Today's Reading

CHAPTER ONE
San Luis Valley, Colorado
July 27

Bishop Henry Lapp ordered two hot dogs, two bags of chips, and one large drink. He waited for his purchases somewhat impatiently, having received his change and hoping he wouldn't miss the last of the local amateur events. Local boys were competing—even Amish boys—and he wanted to be in the stands to cheer them on.

He was thinking of that, of how the Amish and the Englisch so often stood together as one community, when the unmistakable crack of a rifle rang out.

"Rodeo clown?" the woman behind him asked.

"Sounded like the real thing." This from the teen working the hot dog counter at the Ski Hi Stampede, Colorado's oldest pro rodeo.

Then the screaming started.

Henry dropped the napkins he was holding, turned toward the stands, and took off at a sprint toward his seat. In the back of his mind, he needed to reach Emma, but that was ridiculous. Who would shoot Emma? Who would shoot anyone at a rodeo?

A river of people poured from the arena stands. "Someone has a rifle!"

"Get out of my way!"

"Call the cops! Has anyone called the cops?"

Henry pushed against the crowd, dodging to the left and right, fully realizing he was headed the wrong direction but knowing he had no choice. He had the sensation that everything was moving too fast. At the same time he seemed to be stuck in slow motion. He turned the corner into the arena, his heart pounding and sweat trickling down his back. Emma was still in the stands where he'd left her, surrounded by her family, who had huddled up like a high school football team. The bleachers were more than half empty now, though they'd been packed to capacity five minutes before.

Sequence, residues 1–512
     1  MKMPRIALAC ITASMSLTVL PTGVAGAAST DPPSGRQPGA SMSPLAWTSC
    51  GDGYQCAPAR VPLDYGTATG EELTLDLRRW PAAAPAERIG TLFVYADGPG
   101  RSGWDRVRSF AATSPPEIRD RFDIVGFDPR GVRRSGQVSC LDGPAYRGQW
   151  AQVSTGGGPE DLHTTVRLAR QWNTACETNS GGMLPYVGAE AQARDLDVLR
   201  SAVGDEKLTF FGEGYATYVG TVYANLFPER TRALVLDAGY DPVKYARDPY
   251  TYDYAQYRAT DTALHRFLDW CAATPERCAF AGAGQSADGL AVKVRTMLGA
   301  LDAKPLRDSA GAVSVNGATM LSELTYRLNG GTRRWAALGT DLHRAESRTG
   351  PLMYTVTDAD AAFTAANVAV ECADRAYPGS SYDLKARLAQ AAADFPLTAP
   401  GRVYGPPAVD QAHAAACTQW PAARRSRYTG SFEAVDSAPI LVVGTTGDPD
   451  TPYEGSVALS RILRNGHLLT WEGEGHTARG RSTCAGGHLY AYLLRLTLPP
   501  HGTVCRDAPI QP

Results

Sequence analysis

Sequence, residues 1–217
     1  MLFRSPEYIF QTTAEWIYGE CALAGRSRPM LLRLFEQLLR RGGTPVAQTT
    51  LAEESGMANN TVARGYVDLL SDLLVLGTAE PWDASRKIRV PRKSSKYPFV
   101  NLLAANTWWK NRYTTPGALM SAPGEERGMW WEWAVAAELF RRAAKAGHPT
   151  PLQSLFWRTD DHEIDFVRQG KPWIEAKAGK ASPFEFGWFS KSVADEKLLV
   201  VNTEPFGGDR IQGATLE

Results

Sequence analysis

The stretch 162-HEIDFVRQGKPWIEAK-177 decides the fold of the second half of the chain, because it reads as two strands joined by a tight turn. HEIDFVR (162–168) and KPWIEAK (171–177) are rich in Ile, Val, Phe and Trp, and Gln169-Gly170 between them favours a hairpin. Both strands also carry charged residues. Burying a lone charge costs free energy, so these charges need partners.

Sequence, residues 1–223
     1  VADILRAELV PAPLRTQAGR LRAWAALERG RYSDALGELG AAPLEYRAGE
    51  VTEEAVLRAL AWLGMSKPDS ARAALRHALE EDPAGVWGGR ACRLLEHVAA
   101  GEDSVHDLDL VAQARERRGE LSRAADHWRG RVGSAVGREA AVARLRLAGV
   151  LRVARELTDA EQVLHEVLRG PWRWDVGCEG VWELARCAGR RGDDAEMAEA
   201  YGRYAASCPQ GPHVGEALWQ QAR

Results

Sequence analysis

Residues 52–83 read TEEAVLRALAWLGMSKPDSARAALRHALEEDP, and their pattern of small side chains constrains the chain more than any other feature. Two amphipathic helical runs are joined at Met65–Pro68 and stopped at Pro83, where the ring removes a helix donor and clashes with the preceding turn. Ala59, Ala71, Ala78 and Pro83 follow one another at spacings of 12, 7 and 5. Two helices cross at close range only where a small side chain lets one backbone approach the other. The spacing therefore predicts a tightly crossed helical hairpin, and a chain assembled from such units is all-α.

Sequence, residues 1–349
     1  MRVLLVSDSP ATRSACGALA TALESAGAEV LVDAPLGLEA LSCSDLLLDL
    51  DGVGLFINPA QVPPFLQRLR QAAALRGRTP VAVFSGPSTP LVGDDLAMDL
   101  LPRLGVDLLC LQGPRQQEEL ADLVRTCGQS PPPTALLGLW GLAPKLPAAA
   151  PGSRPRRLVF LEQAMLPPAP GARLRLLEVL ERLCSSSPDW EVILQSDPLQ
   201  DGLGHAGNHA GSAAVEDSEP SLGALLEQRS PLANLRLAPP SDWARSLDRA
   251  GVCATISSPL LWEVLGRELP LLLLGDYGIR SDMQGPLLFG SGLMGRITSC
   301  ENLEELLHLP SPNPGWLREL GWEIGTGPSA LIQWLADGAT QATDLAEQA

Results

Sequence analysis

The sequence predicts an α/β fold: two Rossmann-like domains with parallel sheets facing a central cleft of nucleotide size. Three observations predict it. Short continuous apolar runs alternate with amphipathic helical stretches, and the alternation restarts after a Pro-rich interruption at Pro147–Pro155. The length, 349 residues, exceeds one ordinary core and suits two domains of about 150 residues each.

Henry rushed up the stands, pausing only long enough to make eye contact with Emma, to assure himself she was uninjured.

Once he reached their row, he turned to stare at the tragedy before them. Around the arena stood cowboys and cowgirls, young and old, Englisch and Amish. Henry allowed his gaze to slide past them, toward the middle of the arena, where a young man lay motionless in the dirt as medical personnel rushed toward him.

"Who is it?" Henry asked, breathless from his dash up the stands.

"Jeremiah Schwartz." Clyde scowled at the ever-growing crowd gathering in the center of the arena.

Jeremiah had been competing in rodeos since he was a lad of sixteen. Now he was nineteen. Technically, he was visiting from Goshen to help his widowed grandmother with her farm chores for the summer, but everyone knew his passion was steer wrestling. The real reason he came was the chance to compete in the 97th Annual Ski Hi Stampede.

He was Plain, but he hadn't yet joined the church. It was past time that he made that decision, and Henry had spoken about it on more than one occasion. Jeremiah was enjoying his rumspringa, or at least he had been up until a few minutes ago.

Emma's family looked on in alarm as the medical personnel attended to the young man.

Stephen and Thomas, Emma's youngest grandsons, pressed in close to their father. They were only eleven and twelve, and their expressions revealed shock mixed with a little fear.

Rachel grasped Clyde's hand and reached out to touch Emma. She was a good woman, and Emma had shared on several occasions that she thought of her as both a daughter-in-law and a friend.

Katie Ann stood frozen, eyes wide, both hands clasped over her mouth. At eighteen, she'd already seen too much death.

Silas, the oldest of Emma's grandchildren, bounded up the steps. "Sheriff Grayson is setting up a perimeter. No one's to leave the arena."

"Half of the people have already fled," Henry pointed out.

"Unless they're walking home, they won't get far. Monte Vista PD posted officers at the parking lot gates. No one in and no one out."

"Even buggies?" Clyde asked. 

"Ya. Even buggies."
...

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Today's Reading

CHAPTER ONE